Milin Shah
Milin Shah

Jigar Shah was appointed as Mayor Barberio’s liaison to the Indian-American community the following year.

Shah’s nephew, Milin Shah, a candidate for Parsippany Council in 2013 was asked by Parsippany Focus for his reaction to hearing news of a possible investigation into the 2013 race. “I’m happy to hear the Morris County Board of Elections is finally requesting this investigation,” Milin Shah said. “In my humble opinion, Vincent Ferrara and Michael Strumolo deserved to be the nominees for the Parsippany GOP in 2013. We have two sitting councilmen who are undeserving of being Parsippany’s representatives.”

Bob Crawford
Bob Crawford

Robert Crawford, a candidate for Council in the 2011 GOP primary and again for the 2013 general election called for an investigation for possible voter fraud in the 2011 election as well.  “It is absolutely critical that those who may have broken the law be brought to justice before the general election,” Crawford said at the time. “That’s why I’m calling for an immediate investigation.”

Councilman Michael dePierro
Councilman Michael dePierro

As members of “Team Parsippany” both Councilmen Stanton and dePierro agreed, and welcomed an investigation by the Attorney General at that time.  “I would like us to be vindicated, so I would love to see the attorney general investigate,” dePierro said. “The allegations are untrue and insulting to us. Absolutely, make them investigate.”

On hearing of the new allegations, dePierro told Parsippany Focus that “the number of absentee ballots cast in 2013 and the voting pattern of those ballots was very, very unusual.”

When asked if he would welcome an investigation, Ferrara’s only comment at the time was “No. I will not join you in anything.”

jonathan_nelson
Former Councilman Jonathan Nelson

Former Councilman  Jonathan Nelson, a candidate for mayor in 2013 received 70% of the absentee vote in the 2013 General Election. At the time, Mayor Barberio’s attorney Alan Zakin unsuccessfully sought a court order throwing out all absentee ballots in that race.  Nelson was never accused of any voting improprieties then or currently, and a Superior Court judge ordered that all absentee ballots be counted and valid.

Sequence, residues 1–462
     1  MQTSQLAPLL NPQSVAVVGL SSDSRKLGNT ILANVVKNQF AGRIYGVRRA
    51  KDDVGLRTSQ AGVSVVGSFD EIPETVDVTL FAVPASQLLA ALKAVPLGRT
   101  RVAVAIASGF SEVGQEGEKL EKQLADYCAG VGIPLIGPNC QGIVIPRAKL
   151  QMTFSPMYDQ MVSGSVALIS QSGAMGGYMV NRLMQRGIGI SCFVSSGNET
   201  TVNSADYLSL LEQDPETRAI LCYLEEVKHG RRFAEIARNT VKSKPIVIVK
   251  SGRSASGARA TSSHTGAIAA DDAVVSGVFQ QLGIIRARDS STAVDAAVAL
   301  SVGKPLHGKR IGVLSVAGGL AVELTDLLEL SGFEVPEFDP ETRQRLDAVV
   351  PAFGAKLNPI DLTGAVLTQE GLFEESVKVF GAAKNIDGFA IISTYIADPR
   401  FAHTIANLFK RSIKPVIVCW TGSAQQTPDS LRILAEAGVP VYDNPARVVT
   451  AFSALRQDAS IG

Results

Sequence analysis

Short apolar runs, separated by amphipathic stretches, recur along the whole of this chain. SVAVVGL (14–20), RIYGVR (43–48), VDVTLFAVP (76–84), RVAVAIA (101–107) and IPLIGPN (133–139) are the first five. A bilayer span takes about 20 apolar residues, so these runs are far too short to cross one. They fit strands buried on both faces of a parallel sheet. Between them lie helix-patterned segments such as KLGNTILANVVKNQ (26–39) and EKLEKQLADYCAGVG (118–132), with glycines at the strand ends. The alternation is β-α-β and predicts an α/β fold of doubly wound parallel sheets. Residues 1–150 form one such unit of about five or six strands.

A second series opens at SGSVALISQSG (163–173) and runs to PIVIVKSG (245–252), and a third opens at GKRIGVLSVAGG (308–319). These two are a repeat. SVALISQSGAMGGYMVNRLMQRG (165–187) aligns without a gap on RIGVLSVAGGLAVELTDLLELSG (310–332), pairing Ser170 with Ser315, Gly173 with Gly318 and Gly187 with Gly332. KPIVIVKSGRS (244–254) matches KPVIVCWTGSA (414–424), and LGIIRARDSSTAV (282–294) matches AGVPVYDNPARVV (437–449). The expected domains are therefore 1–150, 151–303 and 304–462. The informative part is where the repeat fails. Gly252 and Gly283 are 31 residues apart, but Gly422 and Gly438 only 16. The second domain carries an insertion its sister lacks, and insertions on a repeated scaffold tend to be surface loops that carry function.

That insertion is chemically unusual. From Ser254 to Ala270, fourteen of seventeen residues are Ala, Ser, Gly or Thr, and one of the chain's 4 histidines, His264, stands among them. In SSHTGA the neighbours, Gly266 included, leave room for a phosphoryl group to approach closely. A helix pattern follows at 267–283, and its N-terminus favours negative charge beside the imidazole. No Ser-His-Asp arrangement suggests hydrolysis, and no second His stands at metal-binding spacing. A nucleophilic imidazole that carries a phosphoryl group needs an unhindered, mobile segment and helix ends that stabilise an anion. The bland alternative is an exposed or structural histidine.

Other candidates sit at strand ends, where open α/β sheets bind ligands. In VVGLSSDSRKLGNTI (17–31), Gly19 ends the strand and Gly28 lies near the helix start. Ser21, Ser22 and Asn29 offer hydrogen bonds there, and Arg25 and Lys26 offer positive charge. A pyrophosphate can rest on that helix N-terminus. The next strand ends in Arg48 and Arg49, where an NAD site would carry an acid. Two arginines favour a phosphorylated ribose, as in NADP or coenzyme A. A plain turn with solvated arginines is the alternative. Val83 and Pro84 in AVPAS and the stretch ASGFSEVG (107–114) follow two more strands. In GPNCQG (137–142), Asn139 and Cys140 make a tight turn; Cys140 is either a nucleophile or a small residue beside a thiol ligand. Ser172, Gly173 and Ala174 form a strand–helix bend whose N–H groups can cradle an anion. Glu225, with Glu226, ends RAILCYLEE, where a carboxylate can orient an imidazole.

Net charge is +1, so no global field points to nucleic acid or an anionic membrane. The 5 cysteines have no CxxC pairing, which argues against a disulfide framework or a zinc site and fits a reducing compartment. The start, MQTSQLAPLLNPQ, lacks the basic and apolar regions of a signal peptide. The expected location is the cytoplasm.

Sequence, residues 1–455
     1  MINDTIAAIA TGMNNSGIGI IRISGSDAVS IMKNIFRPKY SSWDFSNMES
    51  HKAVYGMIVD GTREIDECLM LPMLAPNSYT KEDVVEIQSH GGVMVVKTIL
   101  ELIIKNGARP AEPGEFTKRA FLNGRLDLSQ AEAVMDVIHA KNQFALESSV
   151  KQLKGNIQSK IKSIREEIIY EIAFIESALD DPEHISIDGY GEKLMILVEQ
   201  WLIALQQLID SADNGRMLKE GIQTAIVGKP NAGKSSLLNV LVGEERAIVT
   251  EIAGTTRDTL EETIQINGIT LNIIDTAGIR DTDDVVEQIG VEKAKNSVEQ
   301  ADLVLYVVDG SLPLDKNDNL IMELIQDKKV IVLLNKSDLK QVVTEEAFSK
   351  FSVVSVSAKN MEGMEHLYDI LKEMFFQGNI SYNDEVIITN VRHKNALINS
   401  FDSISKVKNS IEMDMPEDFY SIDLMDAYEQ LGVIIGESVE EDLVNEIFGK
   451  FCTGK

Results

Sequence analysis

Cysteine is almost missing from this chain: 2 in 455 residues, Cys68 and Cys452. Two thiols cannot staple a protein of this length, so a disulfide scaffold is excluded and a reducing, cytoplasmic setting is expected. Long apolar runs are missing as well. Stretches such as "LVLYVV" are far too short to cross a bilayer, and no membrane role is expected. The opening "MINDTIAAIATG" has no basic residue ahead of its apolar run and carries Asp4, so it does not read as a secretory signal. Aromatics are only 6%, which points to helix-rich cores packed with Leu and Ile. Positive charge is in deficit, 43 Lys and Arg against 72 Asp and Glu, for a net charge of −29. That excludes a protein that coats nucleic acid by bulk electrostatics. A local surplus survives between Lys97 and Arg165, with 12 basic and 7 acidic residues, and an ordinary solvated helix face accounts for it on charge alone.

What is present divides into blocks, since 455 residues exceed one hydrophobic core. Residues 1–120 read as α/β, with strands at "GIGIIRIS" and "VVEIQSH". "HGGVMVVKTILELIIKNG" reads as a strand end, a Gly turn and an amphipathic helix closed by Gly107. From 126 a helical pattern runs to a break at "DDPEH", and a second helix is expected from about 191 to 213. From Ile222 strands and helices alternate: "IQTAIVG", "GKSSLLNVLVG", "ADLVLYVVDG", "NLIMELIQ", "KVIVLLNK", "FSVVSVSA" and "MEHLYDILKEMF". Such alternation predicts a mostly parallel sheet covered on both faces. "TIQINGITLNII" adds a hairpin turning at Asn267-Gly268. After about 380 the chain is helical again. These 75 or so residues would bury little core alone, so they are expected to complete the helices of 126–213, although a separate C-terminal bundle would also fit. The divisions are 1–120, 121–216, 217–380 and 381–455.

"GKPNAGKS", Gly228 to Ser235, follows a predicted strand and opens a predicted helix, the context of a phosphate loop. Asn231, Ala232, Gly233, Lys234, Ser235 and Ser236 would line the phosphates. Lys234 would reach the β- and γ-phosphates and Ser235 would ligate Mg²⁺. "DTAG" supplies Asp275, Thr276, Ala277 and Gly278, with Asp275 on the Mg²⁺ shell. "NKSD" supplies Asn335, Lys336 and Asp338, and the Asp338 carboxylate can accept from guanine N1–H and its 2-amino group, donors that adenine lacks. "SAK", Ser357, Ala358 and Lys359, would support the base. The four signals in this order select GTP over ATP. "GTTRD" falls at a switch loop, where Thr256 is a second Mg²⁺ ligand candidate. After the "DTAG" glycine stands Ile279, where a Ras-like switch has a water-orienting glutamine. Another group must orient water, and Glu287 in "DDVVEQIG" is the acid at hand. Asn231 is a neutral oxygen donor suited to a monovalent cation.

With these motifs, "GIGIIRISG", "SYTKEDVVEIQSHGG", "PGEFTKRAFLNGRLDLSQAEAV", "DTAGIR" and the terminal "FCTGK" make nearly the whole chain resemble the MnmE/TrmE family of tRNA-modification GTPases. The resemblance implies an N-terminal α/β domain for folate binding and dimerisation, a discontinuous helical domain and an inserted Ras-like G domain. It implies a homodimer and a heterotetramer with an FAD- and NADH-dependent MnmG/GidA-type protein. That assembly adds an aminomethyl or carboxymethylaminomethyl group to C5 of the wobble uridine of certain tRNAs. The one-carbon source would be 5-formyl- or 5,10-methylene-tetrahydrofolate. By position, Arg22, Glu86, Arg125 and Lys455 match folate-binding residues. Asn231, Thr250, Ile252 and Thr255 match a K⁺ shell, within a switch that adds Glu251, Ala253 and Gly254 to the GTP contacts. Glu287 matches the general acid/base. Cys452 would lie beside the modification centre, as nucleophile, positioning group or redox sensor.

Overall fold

“I welcome…no…I demand an investigation into absentee voting in Parsippany,” Jonathan Nelson told Parsippany Focus. “But the investigation should have occurred when the alleged irregularities took place, not two years later.  By revealing that they requested an investigation just two months before another election is an outrage. If the Commissioners goal was to suppress the vote in Parsippany for the upcoming election, they succeeded.”

Councilman Louis Valori echoed much of Nelson’s comments and said “these baseless, recycled allegations have already been reviewed by a Judge who found them without merit.  This is a political witch hunt meant to intimidate voters, many of them senior citizens, who cast their ballots by mail, in the hopes that they will stay away from the polls in the June Republican Primary.  The only person ever found by a judge to commit any voter fraud was Jigar Shah, my former opponents uncle.”